Help With Light Bulbs Terms

Bulb Types

 

Bulb Base Types

Color Temperature
The color temperature of light refers to the temperature to which one would
have to heat a "black body" source to produce light of similar spectral
characteristics. Color Temperature is expressed in degrees Kelvin (K). Low
color temperature implies warmer (more yellow/red) light while high color temperature
implies a colder (more blue) light. Moreover, the "color temperature" of
a lamp refers to how reddish, greenish or bluish the lamp appears. If the lamp
appears reddish, it has a lower color temperature (e.g., 2500K-3000K) and is
considered to be "warm" in appearance. If the lamp appears to be
bluish, it has a higher color temperature (e.g., 4000K-4500K) and is considered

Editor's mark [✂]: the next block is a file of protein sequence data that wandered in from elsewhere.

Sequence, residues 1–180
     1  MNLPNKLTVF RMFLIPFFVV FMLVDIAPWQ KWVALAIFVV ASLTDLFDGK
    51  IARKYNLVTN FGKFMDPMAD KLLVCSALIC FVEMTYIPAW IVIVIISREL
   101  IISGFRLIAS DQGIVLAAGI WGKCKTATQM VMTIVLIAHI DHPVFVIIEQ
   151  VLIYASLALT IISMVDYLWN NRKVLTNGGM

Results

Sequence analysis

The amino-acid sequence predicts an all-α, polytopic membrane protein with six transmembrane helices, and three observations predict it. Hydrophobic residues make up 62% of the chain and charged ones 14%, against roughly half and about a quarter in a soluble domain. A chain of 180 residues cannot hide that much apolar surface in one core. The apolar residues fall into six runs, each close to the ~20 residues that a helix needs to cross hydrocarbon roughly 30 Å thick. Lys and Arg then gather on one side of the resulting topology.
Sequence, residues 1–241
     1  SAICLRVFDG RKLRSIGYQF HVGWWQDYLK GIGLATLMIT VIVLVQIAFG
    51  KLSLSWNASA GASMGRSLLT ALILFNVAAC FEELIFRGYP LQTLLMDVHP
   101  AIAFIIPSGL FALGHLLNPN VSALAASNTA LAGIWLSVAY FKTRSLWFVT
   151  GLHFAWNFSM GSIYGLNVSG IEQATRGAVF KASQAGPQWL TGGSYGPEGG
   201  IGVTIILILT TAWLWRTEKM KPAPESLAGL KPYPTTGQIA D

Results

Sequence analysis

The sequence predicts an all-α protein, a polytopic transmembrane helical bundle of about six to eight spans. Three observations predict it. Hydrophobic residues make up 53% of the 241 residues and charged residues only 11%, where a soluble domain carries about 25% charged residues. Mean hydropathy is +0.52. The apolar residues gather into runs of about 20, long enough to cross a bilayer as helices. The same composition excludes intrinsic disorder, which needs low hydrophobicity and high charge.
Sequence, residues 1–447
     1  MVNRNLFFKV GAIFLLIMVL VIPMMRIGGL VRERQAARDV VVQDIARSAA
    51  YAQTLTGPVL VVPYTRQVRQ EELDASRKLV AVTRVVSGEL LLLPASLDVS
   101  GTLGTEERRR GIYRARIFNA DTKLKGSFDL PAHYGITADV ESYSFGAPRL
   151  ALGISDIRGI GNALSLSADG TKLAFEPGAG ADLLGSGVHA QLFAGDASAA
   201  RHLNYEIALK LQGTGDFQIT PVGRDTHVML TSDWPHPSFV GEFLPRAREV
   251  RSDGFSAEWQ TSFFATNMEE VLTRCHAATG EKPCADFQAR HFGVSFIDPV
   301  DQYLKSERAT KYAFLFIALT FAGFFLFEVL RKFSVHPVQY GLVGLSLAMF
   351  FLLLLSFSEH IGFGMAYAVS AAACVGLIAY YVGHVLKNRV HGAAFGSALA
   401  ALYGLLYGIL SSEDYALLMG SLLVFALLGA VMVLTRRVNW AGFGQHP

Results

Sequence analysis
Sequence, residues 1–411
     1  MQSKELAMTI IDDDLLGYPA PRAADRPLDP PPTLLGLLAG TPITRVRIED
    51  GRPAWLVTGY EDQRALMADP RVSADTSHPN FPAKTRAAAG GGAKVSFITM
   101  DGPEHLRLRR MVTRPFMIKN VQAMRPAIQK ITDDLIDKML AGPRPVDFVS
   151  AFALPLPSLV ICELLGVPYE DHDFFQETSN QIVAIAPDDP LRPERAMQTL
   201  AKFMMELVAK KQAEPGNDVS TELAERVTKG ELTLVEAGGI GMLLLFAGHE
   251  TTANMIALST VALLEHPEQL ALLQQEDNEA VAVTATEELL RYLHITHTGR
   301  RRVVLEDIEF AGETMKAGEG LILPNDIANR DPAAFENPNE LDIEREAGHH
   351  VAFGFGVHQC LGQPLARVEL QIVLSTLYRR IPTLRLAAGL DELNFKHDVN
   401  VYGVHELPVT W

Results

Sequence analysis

to be "cool" in appearance.

Warm White: 2500° K to 3000° K
Cool White: 4000° K to 4500° K
Day Light: 6200° K to 6800° K

Color Rendering Index
The Color Rendering Index, or CRI, is a term in photometry used to describe
the effect of a light source on how well it renders colors. In essence, the
Color Rendering Index (CRI) is a numerical system that rates the "color
rendering" ability of fluorescent light in comparison with natural daylight.
If a lamp has a low color rendering index of 50, it does not render colors
very well. If, however, the lamp has a color rendering index of 80 – 95,
its ability to render colors is thought to be very good to excellent. A CRI
of 100 is considered natural daylight and is assigned to the sun itself.

Comments

  1. Wolfgang Muller says

    The data on energy efficient lamps is misleading and in some cases completely contradictory.

    E.g. LEDs are currently still less efficient than compace fluorescent. Cold cathode is more efficient than stated.

    I am very surprised that you do not mention linear fluorescent lamps (T5) which are the most efficient source for interior lighting.

    Regards,

    Wolfgang Muller, Arup,
    United Kingdom

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